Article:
What will it take for the entire Africa to transition to middle-income status? A lot, it seems, but not entirely impossible. Of the 54 African States, 24 were classified by the World Bank as low-income in 2018.
More telling is the fact that only nine countries account for three-quarters of the continent’s GDP while 400 companies have revenues exceeding $1 billion. According to WealthInsight, there are 2,050 African multi-millionaires—individuals whose net worth is over $30 million. This pales in comparison to 51,192 multi-millionaires in North America and 48,245 in Asia.
Many development analysts have pointed lower-income economies in the direction of the so-called Asian Tigers whose rapid economic transformation was nothing short of spectacular in the absence of mineral wealth.
These standout economies, including Singapore, South Korea and Malaysia sustained a fast-clip growth, enabling them to move from low to middle and higher incomes. What’s even more encouraging is the fact that this growth was widespread, lifting millions of households from poverty.
For what’s the point of having growth that’s not shared by all countrymen and women? Unfortunately, recent growth witnessed in Africa has either been insufficient, sporadic or disproportionate (benefitting only a few) to have a truly transformative impact on the wider society.
So what set the Asian Tigers apart in promoting shared prosperity as their economies expanded?
Beginning in the 1950s and 1960s, today’s successful East Asian economies adopted an export-oriented development strategy based on labour-intensive manufacturing.
They then moved up the industrial ladder, step by step, gradually accumulating development capital. By leveraging and refining their underlying capabilities, these high-performing countries sustained their growth by using their comparative advantage to upgrade their industrial base, diversify and increase competitiveness and sophistication of their goods and services.
Most of these economies increased their competitiveness in complex industries by adopting a variety of policies and business strategies. These included setting up clusters (industries that support mutual development, such as textile production and garment manufacturing), integrating into global value chains, automating, increasing domestic consumption, and boosting trade beyond their shores.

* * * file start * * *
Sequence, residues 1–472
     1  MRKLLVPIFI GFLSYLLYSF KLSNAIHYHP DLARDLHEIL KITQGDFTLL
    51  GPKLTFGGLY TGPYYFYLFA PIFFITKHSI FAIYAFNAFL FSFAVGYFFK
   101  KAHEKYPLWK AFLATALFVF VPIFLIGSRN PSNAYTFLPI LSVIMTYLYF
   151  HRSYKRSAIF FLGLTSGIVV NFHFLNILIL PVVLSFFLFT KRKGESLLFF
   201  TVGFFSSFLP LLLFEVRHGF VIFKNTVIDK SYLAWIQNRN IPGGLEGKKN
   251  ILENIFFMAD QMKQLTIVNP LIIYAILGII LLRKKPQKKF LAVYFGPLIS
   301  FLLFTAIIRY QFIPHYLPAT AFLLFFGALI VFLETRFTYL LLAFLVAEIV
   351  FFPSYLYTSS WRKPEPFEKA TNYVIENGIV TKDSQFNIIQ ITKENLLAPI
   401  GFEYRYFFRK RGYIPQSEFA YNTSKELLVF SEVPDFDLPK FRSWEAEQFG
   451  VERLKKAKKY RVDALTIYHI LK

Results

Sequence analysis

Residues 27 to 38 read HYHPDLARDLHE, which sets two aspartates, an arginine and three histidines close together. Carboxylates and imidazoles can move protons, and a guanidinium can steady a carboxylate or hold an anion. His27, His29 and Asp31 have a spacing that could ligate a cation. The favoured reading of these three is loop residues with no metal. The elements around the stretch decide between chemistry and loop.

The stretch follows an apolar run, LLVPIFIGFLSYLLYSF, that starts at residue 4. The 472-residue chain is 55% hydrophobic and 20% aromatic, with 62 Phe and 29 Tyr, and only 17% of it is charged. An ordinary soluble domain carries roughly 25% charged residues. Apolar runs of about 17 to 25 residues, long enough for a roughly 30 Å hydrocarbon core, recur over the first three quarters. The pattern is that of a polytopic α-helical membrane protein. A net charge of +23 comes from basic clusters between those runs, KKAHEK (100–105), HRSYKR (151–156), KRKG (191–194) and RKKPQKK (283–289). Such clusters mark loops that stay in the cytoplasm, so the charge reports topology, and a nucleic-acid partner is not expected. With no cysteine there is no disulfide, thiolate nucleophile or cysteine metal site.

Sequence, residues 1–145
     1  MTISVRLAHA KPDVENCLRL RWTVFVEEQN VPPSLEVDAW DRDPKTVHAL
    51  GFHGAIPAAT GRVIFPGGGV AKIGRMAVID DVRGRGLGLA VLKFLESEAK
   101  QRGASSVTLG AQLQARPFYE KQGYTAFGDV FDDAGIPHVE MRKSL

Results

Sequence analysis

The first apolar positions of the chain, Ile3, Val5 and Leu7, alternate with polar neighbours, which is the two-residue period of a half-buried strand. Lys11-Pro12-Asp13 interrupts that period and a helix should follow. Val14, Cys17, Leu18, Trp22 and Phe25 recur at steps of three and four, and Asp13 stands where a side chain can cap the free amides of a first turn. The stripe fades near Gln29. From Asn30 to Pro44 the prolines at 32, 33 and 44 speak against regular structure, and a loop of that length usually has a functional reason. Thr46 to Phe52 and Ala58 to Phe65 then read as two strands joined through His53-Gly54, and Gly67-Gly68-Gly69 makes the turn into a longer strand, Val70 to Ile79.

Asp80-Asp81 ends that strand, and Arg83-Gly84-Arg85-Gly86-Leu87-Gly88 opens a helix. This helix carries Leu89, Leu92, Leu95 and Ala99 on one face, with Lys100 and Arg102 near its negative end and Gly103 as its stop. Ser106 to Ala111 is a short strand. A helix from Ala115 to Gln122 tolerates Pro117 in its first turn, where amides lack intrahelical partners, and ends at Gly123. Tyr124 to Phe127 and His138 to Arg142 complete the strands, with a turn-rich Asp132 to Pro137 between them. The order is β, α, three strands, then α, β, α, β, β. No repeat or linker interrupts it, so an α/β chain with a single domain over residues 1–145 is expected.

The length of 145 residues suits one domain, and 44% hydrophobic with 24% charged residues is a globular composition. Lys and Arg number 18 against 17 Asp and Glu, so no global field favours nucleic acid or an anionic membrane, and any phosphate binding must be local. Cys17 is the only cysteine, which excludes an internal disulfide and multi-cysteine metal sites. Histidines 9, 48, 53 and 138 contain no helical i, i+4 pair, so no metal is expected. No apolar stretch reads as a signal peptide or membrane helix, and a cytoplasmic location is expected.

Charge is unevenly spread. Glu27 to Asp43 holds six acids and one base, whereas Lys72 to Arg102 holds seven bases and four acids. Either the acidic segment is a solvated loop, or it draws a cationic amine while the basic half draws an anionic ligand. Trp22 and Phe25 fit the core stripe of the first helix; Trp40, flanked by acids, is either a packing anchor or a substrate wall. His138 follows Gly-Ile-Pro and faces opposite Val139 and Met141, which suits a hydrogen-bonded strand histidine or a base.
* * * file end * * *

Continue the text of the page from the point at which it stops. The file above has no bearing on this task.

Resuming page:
While times have changed, the basic principles remain pretty much the same, something most African economies could use as a guide.
For starters, modern economic growth is a process of continuous structural transformation. This involves constant technological innovation in existing industries, emergence of new, high value-added industries, and improvements to hard infrastructure such as power supply and road networks.
Not to be neglected are institutions (soft infrastructure), whose strengthening underpins sustained progress.
Economic structures, including technology uptake, determine labour productivity. On the other hand, hard and soft infrastructure determines transaction costs that are endogenous to the endowment structure in an economy such as land, capital, and labour with potential to create comparative advantage. Endowments determine the economy’s total budget and relative factor prices at any given time. These, in turn, determine which industries in the economy have comparative advantage.
If all the industries in the economy are consistent with the economy’s comparative advantage, the economy will have an appropriate industrial structure. Such a structure enables the economy to operate with the lowest factor costs for production in both the domestic and the international markets. Therefore, as an economy’s structure of factor endowments evolves from one level of development to another, the optimal industrial structure will evolve too.
When the industries in an economy move from traditional resource intensive or labour-intensive industries to modern capital-intensive industries, continuous improvement is required in hard infrastructure such as power, roads, and ports, as well as soft infrastructure such as financial institutions and the legal system. These improvements reduce transaction costs and transform the industries of an economy’s comparative advantage into a competitive advantage.
However, should the entire Africa finally transition to middle-income status, the risk of middle-income trap looms large.
To potentially avoid stagnation, it means that African governments will need to deepen their investments in human development factors such as better hospitals and schools, over and above mega infrastructure investments.
This article was originally published by the Business Daily